Frequently Asked Questions
I would like to speak to someone about the possibility of coming for a consultation for my child. Is this possible?
I am concerned that because the LANC has such expertise in AD/HD that that is all that is likely to be diagnosed.
My child has previously had a diagnosis of Asperger’s Syndrome (or dyslexia) and I am not sure this is the correct diagnosis.
One of the concerns about the over-diagnosis of Asperger’s Syndrome in the past for example has been that it precludes the diagnosis of AD/HD rather than recognising the frequent association of these conditions and it has generally been a nice, safe diagnosis where the possibility of the use of medication to strengthen concentration or help with impulse control is therefore also precluded.
I am concerned that if a diagnosis of ADHD is made my child might be put on medication for this.
A diagnosis of AD/HD in no way automatically assumes that medication would be considered. A decision on this is always up to the parents and child, if appropriate, or the adult being assessed. A careful explanation of the risk profile, the possible benefits and side effects is made and if medication is started it is always for an initial trial period.Educational and behavioural strategies are always important.
My child’s teachers/GP have told me they do not believe in AD/HD and do not believe in the possible use of medication to help manage it.
There has been an inordinate amount of pseudo-controversy about AD/HD, however, it is critical to appreciate the reality of AD/HD and its treatability, given the very serious negative impacts it can have on a child and family. I have recently seen the Panorama programme – read the tabloids on AD/HD and I am concerned that the side effects of medication have been mentioned. It is important to keep the side effects in perspective and recognise that most tabloids are out to create a hyped up story.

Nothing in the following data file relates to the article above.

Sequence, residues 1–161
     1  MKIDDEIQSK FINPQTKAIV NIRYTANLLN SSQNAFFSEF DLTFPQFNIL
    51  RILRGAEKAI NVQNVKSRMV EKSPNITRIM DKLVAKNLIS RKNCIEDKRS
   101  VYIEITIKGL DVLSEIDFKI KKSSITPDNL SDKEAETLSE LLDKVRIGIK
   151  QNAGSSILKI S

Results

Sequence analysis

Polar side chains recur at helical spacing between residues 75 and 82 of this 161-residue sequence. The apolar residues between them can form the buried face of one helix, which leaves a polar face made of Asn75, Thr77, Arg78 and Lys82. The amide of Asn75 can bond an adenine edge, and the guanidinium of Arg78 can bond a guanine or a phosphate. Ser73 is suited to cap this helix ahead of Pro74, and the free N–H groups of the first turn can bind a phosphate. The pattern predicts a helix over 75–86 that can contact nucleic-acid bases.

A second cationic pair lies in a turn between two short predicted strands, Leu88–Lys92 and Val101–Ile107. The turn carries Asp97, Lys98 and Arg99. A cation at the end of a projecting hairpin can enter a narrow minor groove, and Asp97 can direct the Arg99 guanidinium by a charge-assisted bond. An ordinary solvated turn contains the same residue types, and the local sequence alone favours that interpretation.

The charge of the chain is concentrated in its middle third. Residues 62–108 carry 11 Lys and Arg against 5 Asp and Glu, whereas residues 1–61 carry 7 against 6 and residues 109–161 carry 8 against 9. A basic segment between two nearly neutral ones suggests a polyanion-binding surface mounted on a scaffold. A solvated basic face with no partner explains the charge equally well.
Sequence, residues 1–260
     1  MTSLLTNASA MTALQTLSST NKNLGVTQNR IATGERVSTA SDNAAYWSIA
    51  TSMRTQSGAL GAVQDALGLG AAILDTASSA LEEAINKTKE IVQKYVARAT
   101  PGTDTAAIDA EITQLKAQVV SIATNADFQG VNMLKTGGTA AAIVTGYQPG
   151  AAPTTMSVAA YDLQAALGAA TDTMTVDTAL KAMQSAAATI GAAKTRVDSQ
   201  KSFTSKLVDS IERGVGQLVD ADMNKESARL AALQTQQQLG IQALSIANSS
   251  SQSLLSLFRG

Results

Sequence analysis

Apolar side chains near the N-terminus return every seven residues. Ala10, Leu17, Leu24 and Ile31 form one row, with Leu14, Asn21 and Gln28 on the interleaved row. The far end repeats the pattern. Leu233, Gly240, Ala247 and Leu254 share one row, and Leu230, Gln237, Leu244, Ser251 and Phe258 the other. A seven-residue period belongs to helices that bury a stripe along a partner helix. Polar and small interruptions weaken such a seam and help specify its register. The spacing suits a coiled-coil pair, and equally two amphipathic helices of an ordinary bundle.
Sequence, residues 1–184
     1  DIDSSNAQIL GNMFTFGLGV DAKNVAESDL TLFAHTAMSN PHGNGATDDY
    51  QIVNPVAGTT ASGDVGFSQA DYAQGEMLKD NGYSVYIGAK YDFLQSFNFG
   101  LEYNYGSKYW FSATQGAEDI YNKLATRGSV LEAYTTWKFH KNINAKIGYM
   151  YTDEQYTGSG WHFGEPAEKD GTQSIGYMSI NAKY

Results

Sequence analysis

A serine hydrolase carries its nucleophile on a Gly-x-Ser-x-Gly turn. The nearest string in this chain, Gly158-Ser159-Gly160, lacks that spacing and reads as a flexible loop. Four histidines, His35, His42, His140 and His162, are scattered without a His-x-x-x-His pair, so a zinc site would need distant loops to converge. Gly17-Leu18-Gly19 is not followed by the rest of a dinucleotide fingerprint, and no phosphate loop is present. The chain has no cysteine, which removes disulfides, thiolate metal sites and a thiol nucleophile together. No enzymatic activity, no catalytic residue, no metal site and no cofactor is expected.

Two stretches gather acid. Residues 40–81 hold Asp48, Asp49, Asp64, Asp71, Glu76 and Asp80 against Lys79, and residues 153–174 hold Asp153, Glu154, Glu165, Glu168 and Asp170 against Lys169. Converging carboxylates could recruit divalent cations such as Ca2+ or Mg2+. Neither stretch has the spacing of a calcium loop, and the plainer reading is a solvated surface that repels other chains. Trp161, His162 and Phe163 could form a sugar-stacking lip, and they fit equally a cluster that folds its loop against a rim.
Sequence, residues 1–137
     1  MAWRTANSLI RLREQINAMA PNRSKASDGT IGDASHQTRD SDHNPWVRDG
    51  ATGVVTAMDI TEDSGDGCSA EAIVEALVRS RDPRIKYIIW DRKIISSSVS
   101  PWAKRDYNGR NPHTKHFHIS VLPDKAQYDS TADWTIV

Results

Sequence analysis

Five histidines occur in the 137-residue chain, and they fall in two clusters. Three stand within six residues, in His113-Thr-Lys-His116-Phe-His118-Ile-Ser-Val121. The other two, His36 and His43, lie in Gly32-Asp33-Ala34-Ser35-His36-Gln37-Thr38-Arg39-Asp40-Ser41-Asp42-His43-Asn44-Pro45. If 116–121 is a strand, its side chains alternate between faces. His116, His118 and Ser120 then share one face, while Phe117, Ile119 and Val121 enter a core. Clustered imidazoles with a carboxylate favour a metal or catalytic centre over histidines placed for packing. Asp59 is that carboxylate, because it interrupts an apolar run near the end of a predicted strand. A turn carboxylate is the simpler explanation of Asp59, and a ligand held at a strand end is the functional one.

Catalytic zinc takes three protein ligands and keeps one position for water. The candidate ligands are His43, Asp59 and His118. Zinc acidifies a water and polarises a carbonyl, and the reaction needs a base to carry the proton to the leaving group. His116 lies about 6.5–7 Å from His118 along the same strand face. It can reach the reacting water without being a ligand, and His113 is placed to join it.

There is absolutely no doubt that the reality of ADHD and its impact on the child and family have tended to be very significantly under-rated in the press, whereas the alleged side effects of medication have been exaggerated. As with any medication there can be some short term side effects, especially involving appetite suppression or sleep difficulty, but there is no evidence of long term side effects with the use of such medications. Any medication for any medical condition can have possible side effects. The issues around medication must always be placed in context relative to the complications of having untreated ADHD and related neurodevelopmental difficulties. ADHD is an extremely treatable condition.
My child’s teachers do not believe in the use of medication for ADHD were it to be suggested.
That is part of the comprehensive assessment in which teachers take part, but the final decision is made jointly between the family and the clinical specialist.
I am concerned that as my child gets older services will not be available for him and it may not be possible for him to continue to be prescribed medication.
Frequently we find that one or other parent discovers, as part of the assessment process on their child, that he or she might have ADHD and need an assessment themselves. Prescribing issues are generally managed well by GP’s these days. There is increasing recognition in clinical experience, international literature, by the 2008 NICE report, and also by the British Psychopharmacology Association, that AD/HD is a condition of adulthood. The majority of GPs are now supportive of prescribing in these circumstances.